SAN JOSE, Calif. -- A new national public safety alert from the FBI and partnering agencies was published on Monday, warning thousands of children and teens are being targeted in financial "sextortion" cases.
Officials said at least 3,000 minors, mostly boys, have been victimized so far this year. They said predators use social media to start communicating with a targeted minors, who are primarily boys between the ages of 14 and 17 and sometimes younger.
Victims are tricked into providing explicit photos and the perpetrators will then demand money and threaten to release the images to their family members and friends.
According to the Justice Department, at least a dozen victims have taken their own lives as a result of these crimes.
On the same day of the report, San Jose police announced the arrest of a Reseda man they believe is tied to a case in Northern California that ended in a 17-year-old San Jose boy dying by suicide.
The arrest of Jonathan Kassi, 25, highlights the anonymity of this cybercrime.
ABC7 News, our sister station in San Francisco, decided to share the image of the suspect because police are looking for additional victims.
"Pauline, does this arrest, at all, bring any type of closure to your family?" ABC7 News reporter Amanda del Castillo asked.
"No," Pauline Stuart answered. "I'm very beyond grateful that it happened, but deep down, I would rather have my son."
Her son, 17-year-old Ryan Last, believed the person he was messaging with earlier this year was a girl. Instead, it was a cybercriminal who demanded more and more money. It's money Ryan couldn't pay.
Ryan left behind a suicide note, describing how embarrassed he was for himself and for the family. Since his death, his story has made national headlines.
Stuart said other families have reached out about her message making a difference.
"The one thing that has helped is knowing Ryan's story," Stuart explained. "They went to their parents, they went and talked to them and said, 'Help.'"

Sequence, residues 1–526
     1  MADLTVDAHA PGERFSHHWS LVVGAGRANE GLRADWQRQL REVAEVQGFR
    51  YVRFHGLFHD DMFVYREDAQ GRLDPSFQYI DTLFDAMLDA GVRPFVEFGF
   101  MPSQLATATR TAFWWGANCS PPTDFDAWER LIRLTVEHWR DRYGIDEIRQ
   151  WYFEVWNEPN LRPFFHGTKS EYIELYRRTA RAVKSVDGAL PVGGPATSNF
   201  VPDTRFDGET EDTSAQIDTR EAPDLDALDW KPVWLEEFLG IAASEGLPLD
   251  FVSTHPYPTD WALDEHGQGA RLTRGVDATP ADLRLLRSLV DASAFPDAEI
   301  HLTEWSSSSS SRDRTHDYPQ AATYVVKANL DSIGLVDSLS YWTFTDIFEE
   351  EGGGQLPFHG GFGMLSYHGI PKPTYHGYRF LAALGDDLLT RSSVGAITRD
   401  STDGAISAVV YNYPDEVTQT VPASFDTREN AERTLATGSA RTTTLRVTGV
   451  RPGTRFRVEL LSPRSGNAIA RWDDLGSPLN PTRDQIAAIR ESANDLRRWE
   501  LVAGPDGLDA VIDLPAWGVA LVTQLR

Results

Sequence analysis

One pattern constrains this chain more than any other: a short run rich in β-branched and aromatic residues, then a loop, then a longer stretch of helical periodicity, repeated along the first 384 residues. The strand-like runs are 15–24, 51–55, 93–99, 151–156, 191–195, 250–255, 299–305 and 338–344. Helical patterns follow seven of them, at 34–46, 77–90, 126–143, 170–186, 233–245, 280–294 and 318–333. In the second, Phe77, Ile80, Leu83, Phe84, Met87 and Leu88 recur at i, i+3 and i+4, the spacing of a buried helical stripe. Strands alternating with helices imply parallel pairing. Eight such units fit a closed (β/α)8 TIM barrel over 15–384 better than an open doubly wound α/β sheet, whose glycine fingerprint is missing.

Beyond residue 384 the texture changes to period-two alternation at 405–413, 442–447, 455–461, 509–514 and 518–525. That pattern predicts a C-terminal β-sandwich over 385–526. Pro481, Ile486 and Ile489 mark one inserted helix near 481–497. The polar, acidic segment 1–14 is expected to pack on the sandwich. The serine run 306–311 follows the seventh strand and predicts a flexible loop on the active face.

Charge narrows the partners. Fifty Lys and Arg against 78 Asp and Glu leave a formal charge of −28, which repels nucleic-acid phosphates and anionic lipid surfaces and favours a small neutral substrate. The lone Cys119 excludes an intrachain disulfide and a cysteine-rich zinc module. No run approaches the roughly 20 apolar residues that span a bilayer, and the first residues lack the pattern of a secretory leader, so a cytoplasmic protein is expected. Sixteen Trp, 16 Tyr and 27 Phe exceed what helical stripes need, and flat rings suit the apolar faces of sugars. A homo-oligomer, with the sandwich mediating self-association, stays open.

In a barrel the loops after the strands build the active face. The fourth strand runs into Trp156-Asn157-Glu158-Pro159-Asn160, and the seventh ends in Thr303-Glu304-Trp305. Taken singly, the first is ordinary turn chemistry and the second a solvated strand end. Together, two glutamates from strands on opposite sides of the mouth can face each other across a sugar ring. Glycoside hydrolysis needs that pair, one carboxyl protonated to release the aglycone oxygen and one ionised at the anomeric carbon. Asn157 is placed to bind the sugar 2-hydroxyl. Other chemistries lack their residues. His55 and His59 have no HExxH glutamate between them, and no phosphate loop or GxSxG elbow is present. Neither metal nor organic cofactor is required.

Santa Clara University Psychology Professor, Dr. Thomas Plante described the adolescent mind, explaining impulse control is very much still under development.
"When it comes to self-harm, they don't necessarily have the brakes that some older, more mature people have to kind of push those feelings aside and to find more thoughtful and productive coping strategies," Plante said. "So they just act."
The FBI said there have been more than 7,000 reports of online financial "sextortion" this past year.
Stuart said if there's anything she's learned, it's the importance of creating a network of safety.
"The big thing is building a support system for your kids and talking to them," she said.
It's a point Plante echoes.
"These are unfolding technologies, where us older people don't understand them in the same way that the younger people do," he said. "So sometimes, it's hard for us to ask the right questions because we don't really know what's going on, and that's why we have to have more of a team effort."
Stuart admitted her son was the "perfect target" because he was very trusting of people.
"We want kids to grow up to trust the world, but much of the world cannot be trusted," said Plante. "So we have to kind of find a way to have that balance of trying to give people the benefit of the doubt, but being very leery of strangers and scammers and all of that - who seem to get more and more clever on how they try to harm others."
Stuart told ABC7 News, "One thing about this scam, the way to beat it is by educating kids and parents about it. Because honestly, we didn't know this type of scam existed. And if we did, my son would probably still be alive."